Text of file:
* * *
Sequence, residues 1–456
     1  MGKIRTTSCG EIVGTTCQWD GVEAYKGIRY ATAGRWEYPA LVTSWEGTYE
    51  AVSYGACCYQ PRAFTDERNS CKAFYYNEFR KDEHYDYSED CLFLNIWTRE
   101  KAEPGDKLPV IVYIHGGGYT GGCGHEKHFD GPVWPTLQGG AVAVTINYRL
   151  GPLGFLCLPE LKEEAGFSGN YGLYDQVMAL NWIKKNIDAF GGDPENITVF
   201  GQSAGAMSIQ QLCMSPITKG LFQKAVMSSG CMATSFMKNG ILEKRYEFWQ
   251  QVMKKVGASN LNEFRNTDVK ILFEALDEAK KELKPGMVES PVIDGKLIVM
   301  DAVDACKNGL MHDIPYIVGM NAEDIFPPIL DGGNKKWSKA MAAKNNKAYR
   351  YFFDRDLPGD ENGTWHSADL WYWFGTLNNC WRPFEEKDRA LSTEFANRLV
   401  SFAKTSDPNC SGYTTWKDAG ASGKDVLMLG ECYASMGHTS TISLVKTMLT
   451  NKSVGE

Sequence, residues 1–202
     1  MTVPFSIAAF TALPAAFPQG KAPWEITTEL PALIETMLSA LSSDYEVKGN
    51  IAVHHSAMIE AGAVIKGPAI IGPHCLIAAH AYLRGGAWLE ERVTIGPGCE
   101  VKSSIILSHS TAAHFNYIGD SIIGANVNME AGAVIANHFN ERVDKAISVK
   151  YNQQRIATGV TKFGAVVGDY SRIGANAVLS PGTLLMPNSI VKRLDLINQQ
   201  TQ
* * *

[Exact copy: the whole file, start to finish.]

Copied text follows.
Sequence, residues 1–456
     1  MGKIRTTSCG EIVGTTCQWD GVEAYKGIRY ATAGRWEYPA LVTSWEGTYE
    51  AVSYGACCYQ PRAFTDERNS CKAFYYNEFR KDEHYDYSED CLFLNIWTRE
   101  KAEPGDKLPV IVYIHGGGYT GGCGHEKHFD GPVWPTLQGG AVAVTINYRL
   151  GPLGFLCLPE LKEEAGFSGN YGLYDQVMAL NWIKKNIDAF GGDPENITVF
   201  GQSAGAMSIQ QLCMSPITKG LFQKAVMSSG CMATSFMKNG ILEKRYEFWQ
   251  QVMKKVGASN LNEFRNTDVK ILFEALDEAK KELKPGMVES PVIDGKLIVM
   301  DAVDACKNGL MHDIPYIVGM NAEDIFPPIL DGGNKKWSKA MAAKNNKAYR
   351  YFFDRDLPGD ENGTWHSADL WYWFGTLNNC WRPFEEKDRA LSTEFANRLV
   401  SFAKTSDPNC SGYTTWKDAG ASGKDVLMLG ECYASMGHTS TISLVKTMLT
   451  NKSVGE

Sequence, residues 1–202
     1  MTVPFSIAAF TALPAAFPQG KAPWEITTEL PALIETMLSA LSSDYEVKGN
    51  IAVHHSAMIE AGAVIKGPAI IGPHCLIAAH AYLRGGAWLE ERVTIGPGCE
   101  VKSSIILSHS TAAHFNYIGD SIIGANVNME AGAVIANHFN ERVDKAISVK
   151  YNQQRIATGV TKFGAVVGDY SRIGANAVLS PGTLLMPNSI VKRLDLINQQ
   201  TQ